Quaint gingerbread cottages sprang up which gave the district its signature style.In one of these cottages, the father of the nation, Dr. Financial troubles plagued the Siegert family and as one of the sons was a mayor of the city, the larger part of it was sold in 1911 to the colonial government for 25,000.
The lots were snapped up since there was a new respectability in the area.
Coloured people of decent education were finding employment in the civil service and thus needed to escape from the barrack-yards of the city.
These were for the local market, since they were cheap and popular, being essential as "browning" in creole cooking and as a key component of the cuisine of the many Venezuelans who were settling in the city at the point in time.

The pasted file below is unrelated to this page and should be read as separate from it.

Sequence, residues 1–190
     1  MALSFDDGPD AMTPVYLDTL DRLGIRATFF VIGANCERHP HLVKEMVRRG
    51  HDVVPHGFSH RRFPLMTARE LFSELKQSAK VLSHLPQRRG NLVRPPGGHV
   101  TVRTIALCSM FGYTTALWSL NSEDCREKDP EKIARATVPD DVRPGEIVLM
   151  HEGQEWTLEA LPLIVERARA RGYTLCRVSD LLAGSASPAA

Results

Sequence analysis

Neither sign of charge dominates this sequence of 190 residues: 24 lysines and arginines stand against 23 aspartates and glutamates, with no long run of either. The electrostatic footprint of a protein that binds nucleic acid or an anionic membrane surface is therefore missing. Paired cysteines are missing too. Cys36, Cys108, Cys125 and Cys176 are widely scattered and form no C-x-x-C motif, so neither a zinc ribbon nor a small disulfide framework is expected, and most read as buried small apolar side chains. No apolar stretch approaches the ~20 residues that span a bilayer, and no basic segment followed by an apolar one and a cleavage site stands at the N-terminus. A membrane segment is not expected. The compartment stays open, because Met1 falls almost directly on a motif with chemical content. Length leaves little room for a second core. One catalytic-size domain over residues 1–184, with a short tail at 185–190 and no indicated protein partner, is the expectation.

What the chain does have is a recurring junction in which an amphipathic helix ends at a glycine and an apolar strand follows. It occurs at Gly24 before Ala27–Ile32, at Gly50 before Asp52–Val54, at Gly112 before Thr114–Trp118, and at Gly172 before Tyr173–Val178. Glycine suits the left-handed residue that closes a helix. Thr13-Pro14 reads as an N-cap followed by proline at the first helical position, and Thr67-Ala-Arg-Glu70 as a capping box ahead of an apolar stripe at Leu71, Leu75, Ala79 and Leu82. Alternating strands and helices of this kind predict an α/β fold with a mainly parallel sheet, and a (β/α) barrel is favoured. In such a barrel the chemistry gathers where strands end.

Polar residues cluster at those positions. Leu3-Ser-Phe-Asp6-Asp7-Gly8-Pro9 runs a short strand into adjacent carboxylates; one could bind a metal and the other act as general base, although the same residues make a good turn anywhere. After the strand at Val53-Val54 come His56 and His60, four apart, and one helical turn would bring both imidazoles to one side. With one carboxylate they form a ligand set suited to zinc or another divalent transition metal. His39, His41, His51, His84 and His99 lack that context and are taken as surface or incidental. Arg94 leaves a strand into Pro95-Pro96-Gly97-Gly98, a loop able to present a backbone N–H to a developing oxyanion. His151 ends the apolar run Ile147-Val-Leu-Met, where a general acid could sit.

Speaking of food, Woodbrook was famous for its pepperpot.
This was later to become the official burial ground for the city of Port-of-Spain and took the name Lapeyrouse Cemetery.
The Lapeyrouse family sold the property, with its sugar factory, to Henry Murray in 1820.
With the coming of Emancipation in 1834-36 Murray saw ruin staring him in the face and sold the lands to the mega-conglomerate of WH Burnley and Co, which was owned by the richest man in the island, William Burnley, and managed by his confederate William Eccles.
"After William died in 1850, his son William F Burnley inherited the property, but was prevented from coming to Trinidad by a life insurance policy which forbade his entering the tropics.
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